IT to remain hot draw among private equity punters
China's internet and technology sector will continue to be a hot draw among private equity investors, though the value and number of deals may slide in 2017 due to high valuations in the past, according to global consultancy Bain & Company.
Mega deals in this sector, accounting for half the total amount, helped push private equity investments in China to $49 billion in 2016, hitting its second best year on record, said Bain in its latest PE report published on Thursday.
Leading this wave were prolific investors such as Chinese internet firms, State-backed funds and State-owned enterprises, eclipsing the role of traditional private equity funds and venture capitalists.
Contributing to 10 percent of the total deal value, global PE players are losing out to Chinese financial institutions as well as internet giants, headed by Baidu Inc, Alibaba Group Holding Ltd and Tencent Holdings Ltd, which are shaping up to build their prospective business ecosystems through buyouts and strategic investments.
While the internet upsurge is likely to extend into 2017, high valuations will pose risks for returns and potentially cause a fall in value and the number of deals, said Han Weiwen, managing director of Bain Greater China.
"There is continued enthusiasm in investing in internet technologies and new business models that can disrupt and revolutionize traditional industries via online-to-offline endeavors, such as medical services and fresh food consumption," Han said.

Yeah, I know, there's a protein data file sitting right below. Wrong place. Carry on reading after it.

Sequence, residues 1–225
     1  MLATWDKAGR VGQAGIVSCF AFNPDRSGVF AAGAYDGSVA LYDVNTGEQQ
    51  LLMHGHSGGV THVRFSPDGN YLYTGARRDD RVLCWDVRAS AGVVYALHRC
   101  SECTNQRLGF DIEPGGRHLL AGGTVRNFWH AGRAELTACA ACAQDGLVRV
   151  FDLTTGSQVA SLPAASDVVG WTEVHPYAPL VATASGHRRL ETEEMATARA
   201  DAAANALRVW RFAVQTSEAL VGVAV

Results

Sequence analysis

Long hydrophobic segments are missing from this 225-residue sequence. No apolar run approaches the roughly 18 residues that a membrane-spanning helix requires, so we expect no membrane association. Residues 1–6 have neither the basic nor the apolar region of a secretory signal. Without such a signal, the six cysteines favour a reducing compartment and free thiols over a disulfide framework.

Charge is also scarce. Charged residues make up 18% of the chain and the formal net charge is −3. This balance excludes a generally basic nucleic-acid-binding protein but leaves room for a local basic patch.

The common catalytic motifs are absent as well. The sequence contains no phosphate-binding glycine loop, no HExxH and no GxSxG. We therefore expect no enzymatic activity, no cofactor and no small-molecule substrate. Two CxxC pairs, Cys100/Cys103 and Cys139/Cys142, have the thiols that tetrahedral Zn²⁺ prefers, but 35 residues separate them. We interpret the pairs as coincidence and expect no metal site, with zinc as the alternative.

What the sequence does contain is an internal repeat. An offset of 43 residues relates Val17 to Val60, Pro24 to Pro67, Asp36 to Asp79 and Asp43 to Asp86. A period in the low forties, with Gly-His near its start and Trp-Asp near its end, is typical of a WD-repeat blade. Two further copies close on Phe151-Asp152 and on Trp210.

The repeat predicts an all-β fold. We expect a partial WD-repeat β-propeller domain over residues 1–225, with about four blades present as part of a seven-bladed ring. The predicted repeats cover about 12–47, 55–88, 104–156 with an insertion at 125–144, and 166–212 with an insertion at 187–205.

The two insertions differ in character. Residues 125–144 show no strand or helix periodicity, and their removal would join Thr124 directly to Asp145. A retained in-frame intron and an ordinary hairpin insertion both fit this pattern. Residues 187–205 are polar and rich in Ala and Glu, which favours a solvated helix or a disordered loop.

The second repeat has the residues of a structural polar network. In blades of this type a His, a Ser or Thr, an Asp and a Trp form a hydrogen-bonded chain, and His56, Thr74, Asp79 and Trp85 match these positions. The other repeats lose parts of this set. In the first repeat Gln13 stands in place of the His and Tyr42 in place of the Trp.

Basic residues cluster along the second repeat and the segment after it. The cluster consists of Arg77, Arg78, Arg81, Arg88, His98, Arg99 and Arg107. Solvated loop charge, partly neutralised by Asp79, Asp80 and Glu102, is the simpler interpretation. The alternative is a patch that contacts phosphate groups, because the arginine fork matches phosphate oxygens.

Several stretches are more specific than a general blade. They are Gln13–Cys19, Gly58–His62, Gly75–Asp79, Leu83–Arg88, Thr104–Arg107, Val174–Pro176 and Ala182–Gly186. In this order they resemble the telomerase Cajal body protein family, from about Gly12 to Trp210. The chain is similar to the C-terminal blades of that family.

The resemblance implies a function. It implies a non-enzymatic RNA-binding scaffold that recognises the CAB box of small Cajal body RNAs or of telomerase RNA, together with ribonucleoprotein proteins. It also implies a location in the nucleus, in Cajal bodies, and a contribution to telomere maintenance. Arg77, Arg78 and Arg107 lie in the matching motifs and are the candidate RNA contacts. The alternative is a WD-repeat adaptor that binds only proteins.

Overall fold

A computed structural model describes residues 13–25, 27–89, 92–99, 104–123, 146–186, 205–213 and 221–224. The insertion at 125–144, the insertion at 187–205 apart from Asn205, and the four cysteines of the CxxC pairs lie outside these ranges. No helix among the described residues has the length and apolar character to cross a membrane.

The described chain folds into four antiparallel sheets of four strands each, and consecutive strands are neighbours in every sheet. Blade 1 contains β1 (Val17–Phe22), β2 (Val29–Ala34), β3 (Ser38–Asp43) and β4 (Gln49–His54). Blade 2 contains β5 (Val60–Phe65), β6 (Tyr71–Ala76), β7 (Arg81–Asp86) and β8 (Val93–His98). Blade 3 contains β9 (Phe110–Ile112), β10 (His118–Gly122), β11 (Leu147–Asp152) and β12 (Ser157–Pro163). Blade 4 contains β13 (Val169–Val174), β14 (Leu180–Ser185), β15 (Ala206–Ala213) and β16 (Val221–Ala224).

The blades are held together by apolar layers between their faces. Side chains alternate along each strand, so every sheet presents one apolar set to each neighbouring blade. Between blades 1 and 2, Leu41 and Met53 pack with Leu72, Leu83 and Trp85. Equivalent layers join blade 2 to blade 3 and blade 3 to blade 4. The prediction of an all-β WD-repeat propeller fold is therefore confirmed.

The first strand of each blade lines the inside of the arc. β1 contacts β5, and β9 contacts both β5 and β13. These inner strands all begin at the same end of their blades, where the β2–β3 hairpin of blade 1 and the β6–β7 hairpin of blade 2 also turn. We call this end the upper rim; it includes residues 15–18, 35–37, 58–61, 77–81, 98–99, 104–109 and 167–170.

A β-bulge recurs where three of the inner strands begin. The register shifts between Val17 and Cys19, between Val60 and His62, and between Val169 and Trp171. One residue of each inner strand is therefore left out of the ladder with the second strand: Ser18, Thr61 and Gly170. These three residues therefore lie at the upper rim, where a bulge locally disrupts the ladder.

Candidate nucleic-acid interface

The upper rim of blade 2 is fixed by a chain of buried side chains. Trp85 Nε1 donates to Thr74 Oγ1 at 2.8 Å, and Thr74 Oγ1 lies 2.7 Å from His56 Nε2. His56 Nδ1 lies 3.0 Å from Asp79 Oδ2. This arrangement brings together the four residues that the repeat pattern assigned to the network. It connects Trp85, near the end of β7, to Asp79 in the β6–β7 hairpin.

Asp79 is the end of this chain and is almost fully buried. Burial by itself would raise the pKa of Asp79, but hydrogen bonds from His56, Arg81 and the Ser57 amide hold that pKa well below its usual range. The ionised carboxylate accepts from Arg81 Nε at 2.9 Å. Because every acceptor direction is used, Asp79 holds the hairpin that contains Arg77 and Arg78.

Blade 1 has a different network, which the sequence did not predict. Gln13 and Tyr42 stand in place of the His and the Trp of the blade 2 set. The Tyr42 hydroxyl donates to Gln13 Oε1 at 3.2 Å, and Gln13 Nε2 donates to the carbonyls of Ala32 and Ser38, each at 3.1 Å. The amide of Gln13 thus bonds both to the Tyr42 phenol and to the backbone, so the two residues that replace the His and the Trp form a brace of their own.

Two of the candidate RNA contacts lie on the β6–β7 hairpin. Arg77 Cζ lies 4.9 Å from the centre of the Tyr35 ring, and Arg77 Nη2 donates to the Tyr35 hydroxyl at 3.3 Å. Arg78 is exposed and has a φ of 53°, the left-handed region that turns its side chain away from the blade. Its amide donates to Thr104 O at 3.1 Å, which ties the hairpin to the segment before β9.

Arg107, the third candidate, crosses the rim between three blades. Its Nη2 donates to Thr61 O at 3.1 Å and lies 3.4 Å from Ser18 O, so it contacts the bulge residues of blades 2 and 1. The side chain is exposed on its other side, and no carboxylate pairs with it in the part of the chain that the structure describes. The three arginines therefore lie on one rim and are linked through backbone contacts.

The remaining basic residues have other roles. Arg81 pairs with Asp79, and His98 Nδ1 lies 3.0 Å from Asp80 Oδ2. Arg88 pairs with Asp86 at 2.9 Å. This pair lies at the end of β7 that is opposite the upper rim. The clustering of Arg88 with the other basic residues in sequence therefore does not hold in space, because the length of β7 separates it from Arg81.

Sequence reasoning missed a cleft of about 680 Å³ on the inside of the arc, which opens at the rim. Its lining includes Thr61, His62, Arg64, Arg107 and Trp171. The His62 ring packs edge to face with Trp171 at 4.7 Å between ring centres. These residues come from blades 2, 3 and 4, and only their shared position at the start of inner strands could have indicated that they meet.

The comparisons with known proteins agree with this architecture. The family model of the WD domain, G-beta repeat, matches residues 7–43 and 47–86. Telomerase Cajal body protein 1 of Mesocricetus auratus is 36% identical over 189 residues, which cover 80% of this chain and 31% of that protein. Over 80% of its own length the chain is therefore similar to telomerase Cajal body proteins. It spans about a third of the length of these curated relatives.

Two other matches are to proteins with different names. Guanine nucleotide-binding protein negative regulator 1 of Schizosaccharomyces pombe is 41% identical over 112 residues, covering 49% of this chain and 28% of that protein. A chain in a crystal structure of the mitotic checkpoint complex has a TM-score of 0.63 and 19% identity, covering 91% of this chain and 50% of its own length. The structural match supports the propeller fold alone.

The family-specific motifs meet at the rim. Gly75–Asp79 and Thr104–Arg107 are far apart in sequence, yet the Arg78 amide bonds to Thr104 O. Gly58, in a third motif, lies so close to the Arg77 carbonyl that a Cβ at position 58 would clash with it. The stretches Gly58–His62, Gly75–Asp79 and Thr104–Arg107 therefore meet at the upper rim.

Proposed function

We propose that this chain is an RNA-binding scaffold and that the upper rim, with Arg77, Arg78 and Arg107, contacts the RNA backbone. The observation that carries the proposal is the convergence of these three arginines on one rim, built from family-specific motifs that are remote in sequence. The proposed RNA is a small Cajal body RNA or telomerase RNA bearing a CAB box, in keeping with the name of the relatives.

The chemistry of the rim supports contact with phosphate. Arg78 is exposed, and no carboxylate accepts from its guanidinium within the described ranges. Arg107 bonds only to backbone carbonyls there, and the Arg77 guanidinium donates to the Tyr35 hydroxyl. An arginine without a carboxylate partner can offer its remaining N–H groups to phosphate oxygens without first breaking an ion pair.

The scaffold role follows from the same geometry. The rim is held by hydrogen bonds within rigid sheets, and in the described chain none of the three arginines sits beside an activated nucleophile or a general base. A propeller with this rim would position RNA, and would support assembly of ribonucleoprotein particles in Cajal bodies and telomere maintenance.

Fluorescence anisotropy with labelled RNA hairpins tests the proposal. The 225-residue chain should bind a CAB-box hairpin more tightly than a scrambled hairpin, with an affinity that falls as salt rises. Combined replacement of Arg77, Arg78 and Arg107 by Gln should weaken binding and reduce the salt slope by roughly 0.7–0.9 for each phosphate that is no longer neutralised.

He also noticed a shifting interest, from investing in online platforms to internet-related infrastructure, such as finance, logistics and technology services.
The two largest PE deals in China last year were $4.5 billion received by e-payment giant Ant Financial Services Group and $4.4 billion for online travel site Qunar.com.
In addition to the internet, the healthcare sector, education and consumer products are also viewed as potentially attractive target areas for PE.
Bain also predicted outbound deals cooling down given Beijing's tighter rules on overseas investments and stricter scrutiny of Chinese investment by foreign regulators, but added that the drop would only be temporary and affect mostly State-owned enterprises.
"The macro trend is still strong in terms of Chinese companies going overseas organically and through acquisition," said Michael Thorneman, senior partner at Bain China.
He called the Belt and Road Initiative "a big theme" that could spell opportunities for financial investors in areas such as logistics, transportation, advanced machinery manufacturing and services.
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